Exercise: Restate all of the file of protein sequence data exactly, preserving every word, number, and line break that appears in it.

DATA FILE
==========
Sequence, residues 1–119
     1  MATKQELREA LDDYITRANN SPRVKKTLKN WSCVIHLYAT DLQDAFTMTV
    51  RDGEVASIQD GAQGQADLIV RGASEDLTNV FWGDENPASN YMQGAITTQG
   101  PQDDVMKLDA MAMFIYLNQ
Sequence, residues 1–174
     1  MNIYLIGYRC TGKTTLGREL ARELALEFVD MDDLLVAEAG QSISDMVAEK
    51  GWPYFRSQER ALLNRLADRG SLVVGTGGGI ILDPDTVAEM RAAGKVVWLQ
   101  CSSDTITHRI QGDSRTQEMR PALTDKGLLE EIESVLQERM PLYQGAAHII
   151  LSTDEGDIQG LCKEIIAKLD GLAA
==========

Sequence, residues 1–119
     1  MATKQELREA LDDYITRANN SPRVKKTLKN WSCVIHLYAT DLQDAFTMTV
    51  RDGEVASIQD GAQGQADLIV RGASEDLTNV FWGDENPASN YMQGAITTQG
   101  PQDDVMKLDA MAMFIYLNQ
Sequence, residues 1–174
     1  MNIYLIGYRC TGKTTLGREL ARELALEFVD MDDLLVAEAG QSISDMVAEK
    51  GWPYFRSQER ALLNRLADRG SLVVGTGGGI ILDPDTVAEM RAAGKVVWLQ
   101  CSSDTITHRI QGDSRTQEMR PALTDKGLLE EIESVLQERM PLYQGAAHII
   151  LSTDEGDIQG LCKEIIAKLD GLAA